Java Collections – ArrayList

How to properly create and use an ArrayList including adding, retrieving and modifying items.

Check out the previous parts of this Java Collections Guide: Introduction, Part 1 – Collection and Part 2 – Sets.

1. Introduction

The ArrayList is one of the most widely used classes in the Java Collections Framework (if not the entire JDK; that position probably belongs to String). It provides a simple array-like storage of items with dynamically adjusting capacity. In this article, we present some usage patterns of the List and ArrayList.

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How to Convert CSV to JSON in Java

Convert CSV to JSON using Jackson. Use a POJO for conversion or a List & Map for intermediate storage.

“Any fool can know. The point is to understand.”
― Albert Einstein


1. Introduction

CSV to JSON conversion is easy. In this article, we present a couple of methods to parse CSV data and convert it to JSON. The first method defines a POJO and uses simple string splitting to convert CSV data to POJO, which in turn is serialized to JSON. The second method uses a more complete CSV parser with support for quoted fields and commas embedded within fields. In this method, we use the Java Collection classes to store the parsed data and convert those to JSON.

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Java Collections – Set

A Set is a container which does not allow duplicate elements. Common Set implementations include HashSet, LinkedHashSet and TreeSet.

“Quotation, n: The act of repeating erroneously the words of another.”
― Ambrose Bierce, The Unabridged Devil’s Dictionary

Check out the earlier parts of this Java Collections Series: Introduction and Part 1.

1. Introduction

A Set is a container which does not contain duplicate elements. The item method equals() is used to determine whether the object is already present in the Set. At most one null element is allowed in the Set.

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Java Collections – Part 1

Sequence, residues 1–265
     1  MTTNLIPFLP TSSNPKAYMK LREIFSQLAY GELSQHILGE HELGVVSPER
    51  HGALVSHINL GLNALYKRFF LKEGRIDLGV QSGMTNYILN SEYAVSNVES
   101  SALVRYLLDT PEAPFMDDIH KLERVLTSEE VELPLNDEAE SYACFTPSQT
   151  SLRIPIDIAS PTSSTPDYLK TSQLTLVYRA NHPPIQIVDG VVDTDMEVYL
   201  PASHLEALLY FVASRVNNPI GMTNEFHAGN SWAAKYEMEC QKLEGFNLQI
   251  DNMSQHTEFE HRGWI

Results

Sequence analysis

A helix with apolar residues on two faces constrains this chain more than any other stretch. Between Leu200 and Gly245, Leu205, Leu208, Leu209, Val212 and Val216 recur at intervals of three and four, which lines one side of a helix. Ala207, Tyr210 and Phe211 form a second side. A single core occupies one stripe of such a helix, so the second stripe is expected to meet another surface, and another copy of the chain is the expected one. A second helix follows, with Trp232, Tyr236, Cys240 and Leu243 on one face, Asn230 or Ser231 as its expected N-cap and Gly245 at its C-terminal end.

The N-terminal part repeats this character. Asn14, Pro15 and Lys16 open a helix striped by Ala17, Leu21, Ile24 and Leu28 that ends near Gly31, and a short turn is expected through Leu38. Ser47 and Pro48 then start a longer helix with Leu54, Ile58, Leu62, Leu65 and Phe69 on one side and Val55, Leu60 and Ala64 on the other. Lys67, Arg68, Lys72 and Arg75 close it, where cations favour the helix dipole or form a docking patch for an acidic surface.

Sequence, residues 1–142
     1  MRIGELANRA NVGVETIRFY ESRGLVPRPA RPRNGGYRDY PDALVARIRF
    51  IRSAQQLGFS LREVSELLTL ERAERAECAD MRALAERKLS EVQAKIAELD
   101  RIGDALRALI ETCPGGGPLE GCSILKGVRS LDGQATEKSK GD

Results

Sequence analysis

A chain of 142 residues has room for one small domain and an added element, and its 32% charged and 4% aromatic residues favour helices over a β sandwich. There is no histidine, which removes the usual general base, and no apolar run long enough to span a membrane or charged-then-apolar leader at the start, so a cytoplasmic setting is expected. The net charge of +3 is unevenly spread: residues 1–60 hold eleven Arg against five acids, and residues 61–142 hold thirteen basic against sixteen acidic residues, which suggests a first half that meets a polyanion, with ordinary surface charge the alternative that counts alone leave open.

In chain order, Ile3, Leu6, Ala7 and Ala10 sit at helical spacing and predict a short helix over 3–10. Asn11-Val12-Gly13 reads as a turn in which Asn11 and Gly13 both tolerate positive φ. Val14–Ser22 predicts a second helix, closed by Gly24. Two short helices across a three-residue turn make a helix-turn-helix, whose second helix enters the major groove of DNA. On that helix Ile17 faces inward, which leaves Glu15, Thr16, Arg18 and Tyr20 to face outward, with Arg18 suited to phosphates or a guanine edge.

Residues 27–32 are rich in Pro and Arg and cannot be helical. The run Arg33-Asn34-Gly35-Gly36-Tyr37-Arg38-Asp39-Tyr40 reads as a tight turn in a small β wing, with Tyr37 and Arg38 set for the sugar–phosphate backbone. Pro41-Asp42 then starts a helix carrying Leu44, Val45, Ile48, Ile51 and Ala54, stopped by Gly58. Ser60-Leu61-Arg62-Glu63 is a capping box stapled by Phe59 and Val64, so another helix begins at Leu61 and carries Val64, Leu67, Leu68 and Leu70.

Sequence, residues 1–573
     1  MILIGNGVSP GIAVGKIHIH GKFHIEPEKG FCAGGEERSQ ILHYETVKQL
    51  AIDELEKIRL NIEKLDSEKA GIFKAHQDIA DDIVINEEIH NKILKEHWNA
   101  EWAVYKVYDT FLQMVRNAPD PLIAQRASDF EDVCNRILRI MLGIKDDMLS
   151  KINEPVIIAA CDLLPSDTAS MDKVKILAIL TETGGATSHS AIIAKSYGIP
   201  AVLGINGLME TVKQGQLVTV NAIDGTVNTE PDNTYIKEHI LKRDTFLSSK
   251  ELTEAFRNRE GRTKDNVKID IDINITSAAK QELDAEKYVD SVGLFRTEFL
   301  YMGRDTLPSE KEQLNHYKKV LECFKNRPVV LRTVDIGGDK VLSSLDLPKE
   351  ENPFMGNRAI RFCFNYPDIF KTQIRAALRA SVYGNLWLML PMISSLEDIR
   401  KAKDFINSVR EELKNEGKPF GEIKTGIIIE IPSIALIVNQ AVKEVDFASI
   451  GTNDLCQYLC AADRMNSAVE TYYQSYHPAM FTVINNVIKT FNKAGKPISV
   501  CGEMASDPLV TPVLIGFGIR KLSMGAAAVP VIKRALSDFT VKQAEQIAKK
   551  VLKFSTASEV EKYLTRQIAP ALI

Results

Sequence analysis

Java Collections Framework: learn about adding items, iterating over a collection and removing items.

“Success is not final, failure is not fatal: it is the courage to continue that counts.”
― Winston S. Churchill

Check out the first part of this Java Collections Series: Introduction.

1. Introduction

Let us learn about Java Collections and the various operations applicable to collections in general. Since the Collection interface is implemented by most of the classes in the Collections Framework (except Map and friends), the methods described here apply to all those classes.

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Java Collections

Java Collections Framework: An Introduction to the class hierarchy.

“Any fool can know. The point is to understand.”
― Albert Einstein

1. Introduction

Java Collections Framework is an architecture for storing, managing and manipulating collections of objects. It provides many data structures and algorithms commonly used for dealing with collections. For example: searching and sorting. Many details about storing objects are abstracted away (meaning you do not have to deal with it in code). An unified interface is provided to manipulate them e.g for adding and removing entries.

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Apache POI Excel Example – Part 2

More formatting options using Java with Apache POI for Microsoft Excel spreadsheets.

1. Introduction

In Part 1 of this Apache POI Excel guide, we examined how to create an Excel spreadsheet and add data to it. We also looked at properly storing data into cells to avoid “Number Stored as Text” errors.

In this chapter, let us look at some more options for formatting data within an Excel spreadsheet.

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Java Scanner

“The only way of discovering the limits of the possible is to venture a little way past them into the impossible.”
― Arthur C. Clarke


Java provides a Scanner class that can be used as a text parser. It accepts a regular expression as a delimiter and returns tokens separated by the delimiter. Let us look at some usage scenarios of the Scanner class.

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Java HashMap Examples

1. Introduction

A HashMap is a map of keys to values which uses a hash table for implementation. The HashMap organizes the keys into buckets based on the value of the hashCode() of the key. It provides constant-time performance for get and put operations. What this means is that the time taken by get and put operations does not depend on the size of the map.

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Java Math.random Examples


1. Introduction

Let us learn how to generate some random numbers in Java. Random numbers are needed for various purposes; maybe you want to generate a password or a session identifier. Whatever the purpose may be, there are a number of issues to be aware of when generating a random number.

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